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MonkeyNotes-The Last of the Mohicans by James Fenimore Cooper
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Chapter 20

Summary

Hawkeye wakes the party up before dawn and they resume the trail. At Lake George they begin traveling by canoe. Near the narrows of the lake, Uncas spots something. He sees black smoke coming from a small island. As they head their canoe toward it, they see two canoes, which begin chasing them and shooting at them. Hawkeye is about to fire back when Uncas points out that another canoe is headed right for them from the opposite shore.

They begin paddling away with the Indians in pursuit. Bullets whistle by, as shouts of "Le Gros Serpent," "La Longue Carbine," and "Le Cerf Agile" rent the air. Hawkeye urges Munro and Duncan to hide themselves, as they cannot be of any help, but they refuse. Chingachgook is slightly wounded by the bullets, and Hawkeye manages to wound a Huron. By now the party has managed to pull away from the Hurons. Hawkeye wants to stop and continue shooting, as his rifle has a longer range than those of the enemy, but Duncan and Munro want to continue on.

They paddle away and the Hurons appear to have abandoned their pursuit. But they are once again spotted in canoes. Trying to lose their enemy once and for all, they land and begin walking, making an obvious trail until they come to a large rocky place. They then walk backwards in their footprints down to the lake and set off again in the canoe, staying close to the shore until they find a place to land and hide.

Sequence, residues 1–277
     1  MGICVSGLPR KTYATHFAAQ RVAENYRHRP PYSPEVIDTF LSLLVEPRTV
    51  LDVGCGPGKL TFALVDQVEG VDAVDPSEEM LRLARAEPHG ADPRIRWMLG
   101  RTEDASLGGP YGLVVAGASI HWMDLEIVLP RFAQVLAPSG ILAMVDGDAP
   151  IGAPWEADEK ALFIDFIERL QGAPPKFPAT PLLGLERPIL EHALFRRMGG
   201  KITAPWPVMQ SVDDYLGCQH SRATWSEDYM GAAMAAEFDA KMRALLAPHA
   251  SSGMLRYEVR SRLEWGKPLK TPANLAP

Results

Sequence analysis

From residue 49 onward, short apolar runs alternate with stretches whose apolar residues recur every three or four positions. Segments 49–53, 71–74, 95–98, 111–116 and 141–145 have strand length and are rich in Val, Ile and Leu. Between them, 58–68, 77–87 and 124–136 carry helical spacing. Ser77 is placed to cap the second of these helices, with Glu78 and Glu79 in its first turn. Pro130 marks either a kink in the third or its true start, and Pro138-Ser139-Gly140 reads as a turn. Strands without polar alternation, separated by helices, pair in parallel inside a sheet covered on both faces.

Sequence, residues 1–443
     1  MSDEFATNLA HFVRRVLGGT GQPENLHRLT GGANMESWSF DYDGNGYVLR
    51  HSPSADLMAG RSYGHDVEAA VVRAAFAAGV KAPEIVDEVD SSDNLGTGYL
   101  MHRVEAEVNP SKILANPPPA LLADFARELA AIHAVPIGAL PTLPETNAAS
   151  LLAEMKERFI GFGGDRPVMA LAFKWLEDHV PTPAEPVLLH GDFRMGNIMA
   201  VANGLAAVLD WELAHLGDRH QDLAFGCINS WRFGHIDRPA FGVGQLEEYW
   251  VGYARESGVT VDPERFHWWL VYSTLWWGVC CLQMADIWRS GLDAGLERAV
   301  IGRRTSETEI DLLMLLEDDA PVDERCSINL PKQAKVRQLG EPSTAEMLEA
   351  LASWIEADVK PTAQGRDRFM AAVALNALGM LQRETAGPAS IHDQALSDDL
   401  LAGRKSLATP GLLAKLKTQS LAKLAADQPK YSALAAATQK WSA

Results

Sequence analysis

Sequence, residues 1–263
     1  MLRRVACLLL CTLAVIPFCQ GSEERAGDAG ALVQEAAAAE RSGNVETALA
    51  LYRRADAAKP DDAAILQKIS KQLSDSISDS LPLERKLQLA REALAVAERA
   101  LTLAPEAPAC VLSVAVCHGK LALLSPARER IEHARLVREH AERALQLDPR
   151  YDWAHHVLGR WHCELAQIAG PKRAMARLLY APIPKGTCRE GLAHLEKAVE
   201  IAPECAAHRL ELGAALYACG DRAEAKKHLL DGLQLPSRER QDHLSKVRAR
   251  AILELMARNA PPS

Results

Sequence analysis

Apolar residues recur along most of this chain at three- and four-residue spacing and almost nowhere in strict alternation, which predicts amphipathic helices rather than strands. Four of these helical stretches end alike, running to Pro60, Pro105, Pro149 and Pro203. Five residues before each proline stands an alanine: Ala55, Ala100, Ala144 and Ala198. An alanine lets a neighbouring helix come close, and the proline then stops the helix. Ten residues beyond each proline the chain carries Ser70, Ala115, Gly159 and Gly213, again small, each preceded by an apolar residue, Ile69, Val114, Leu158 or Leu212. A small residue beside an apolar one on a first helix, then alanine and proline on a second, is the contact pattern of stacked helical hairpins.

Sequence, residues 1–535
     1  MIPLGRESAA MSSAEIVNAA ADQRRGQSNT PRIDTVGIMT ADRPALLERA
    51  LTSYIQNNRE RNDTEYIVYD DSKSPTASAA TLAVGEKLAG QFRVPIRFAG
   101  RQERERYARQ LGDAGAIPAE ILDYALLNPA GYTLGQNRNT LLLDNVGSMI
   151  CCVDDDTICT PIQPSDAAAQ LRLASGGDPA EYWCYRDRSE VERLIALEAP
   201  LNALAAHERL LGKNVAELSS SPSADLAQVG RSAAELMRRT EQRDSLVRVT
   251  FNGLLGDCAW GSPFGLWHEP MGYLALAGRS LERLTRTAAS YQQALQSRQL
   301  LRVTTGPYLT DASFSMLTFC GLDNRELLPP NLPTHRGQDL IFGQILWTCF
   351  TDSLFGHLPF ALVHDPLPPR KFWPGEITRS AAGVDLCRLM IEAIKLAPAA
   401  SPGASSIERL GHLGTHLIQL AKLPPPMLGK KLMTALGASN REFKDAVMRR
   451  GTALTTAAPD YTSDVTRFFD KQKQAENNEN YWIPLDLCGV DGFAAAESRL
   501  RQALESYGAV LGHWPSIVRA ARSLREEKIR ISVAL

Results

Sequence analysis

Notes

The author again emphasizes the hunting skills of Indians. Uncas is able to spot faint trails that are normally not seen by other men. He spots black smoke but does not speak up until his father Chingachgook gives him permission. Duncan is slowly improving his skills. He is able to see the canoe on the horizon that Hawkeye points out to him, though he still does not have the experience to figure out what it is on his own.

Although Hawkeye is the consummate individualist, he still defers to the authority of Duncan and Munro, his military superiors. He obeys when they urge him to give up trying to shoot any more Hurons and make their escape. He still maintains his own opinions, however. When Duncan and Munro refuse to hide themselves due to their code of honor, Hawkeye calls their "white man's courage" the height of foolishness.

The Hurons resolute spirit is also denoted, as they at first appear to give up chase. But then they are spotted following them. The party must resort to an extreme trick to escape them.

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